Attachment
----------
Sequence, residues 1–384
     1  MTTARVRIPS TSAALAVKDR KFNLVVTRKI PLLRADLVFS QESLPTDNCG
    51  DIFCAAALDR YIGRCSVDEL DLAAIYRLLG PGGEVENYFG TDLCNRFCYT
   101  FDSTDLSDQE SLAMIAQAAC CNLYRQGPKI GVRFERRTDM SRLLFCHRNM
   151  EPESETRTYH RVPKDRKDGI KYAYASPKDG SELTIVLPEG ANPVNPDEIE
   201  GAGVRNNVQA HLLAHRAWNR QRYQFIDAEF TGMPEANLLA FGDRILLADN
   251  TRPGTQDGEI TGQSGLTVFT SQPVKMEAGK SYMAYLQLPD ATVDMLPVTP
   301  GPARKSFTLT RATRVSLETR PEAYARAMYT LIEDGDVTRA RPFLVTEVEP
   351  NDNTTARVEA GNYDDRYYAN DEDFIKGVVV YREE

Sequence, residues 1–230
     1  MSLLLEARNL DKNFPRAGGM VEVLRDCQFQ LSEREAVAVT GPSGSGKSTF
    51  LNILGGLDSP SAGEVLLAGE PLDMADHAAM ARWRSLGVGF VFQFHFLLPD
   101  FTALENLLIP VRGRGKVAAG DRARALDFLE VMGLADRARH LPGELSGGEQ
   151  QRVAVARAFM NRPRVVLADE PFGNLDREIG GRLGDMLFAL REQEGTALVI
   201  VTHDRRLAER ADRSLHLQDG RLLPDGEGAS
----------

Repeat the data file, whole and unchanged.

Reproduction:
Sequence, residues 1–384
     1  MTTARVRIPS TSAALAVKDR KFNLVVTRKI PLLRADLVFS QESLPTDNCG
    51  DIFCAAALDR YIGRCSVDEL DLAAIYRLLG PGGEVENYFG TDLCNRFCYT
   101  FDSTDLSDQE SLAMIAQAAC CNLYRQGPKI GVRFERRTDM SRLLFCHRNM
   151  EPESETRTYH RVPKDRKDGI KYAYASPKDG SELTIVLPEG ANPVNPDEIE
   201  GAGVRNNVQA HLLAHRAWNR QRYQFIDAEF TGMPEANLLA FGDRILLADN
   251  TRPGTQDGEI TGQSGLTVFT SQPVKMEAGK SYMAYLQLPD ATVDMLPVTP
   301  GPARKSFTLT RATRVSLETR PEAYARAMYT LIEDGDVTRA RPFLVTEVEP
   351  NDNTTARVEA GNYDDRYYAN DEDFIKGVVV YREE

Sequence, residues 1–230
     1  MSLLLEARNL DKNFPRAGGM VEVLRDCQFQ LSEREAVAVT GPSGSGKSTF
    51  LNILGGLDSP SAGEVLLAGE PLDMADHAAM ARWRSLGVGF VFQFHFLLPD
   101  FTALENLLIP VRGRGKVAAG DRARALDFLE VMGLADRARH LPGELSGGEQ
   151  QRVAVARAFM NRPRVVLADE PFGNLDREIG GRLGDMLFAL REQEGTALVI
   201  VTHDRRLAER ADRSLHLQDG RLLPDGEGAS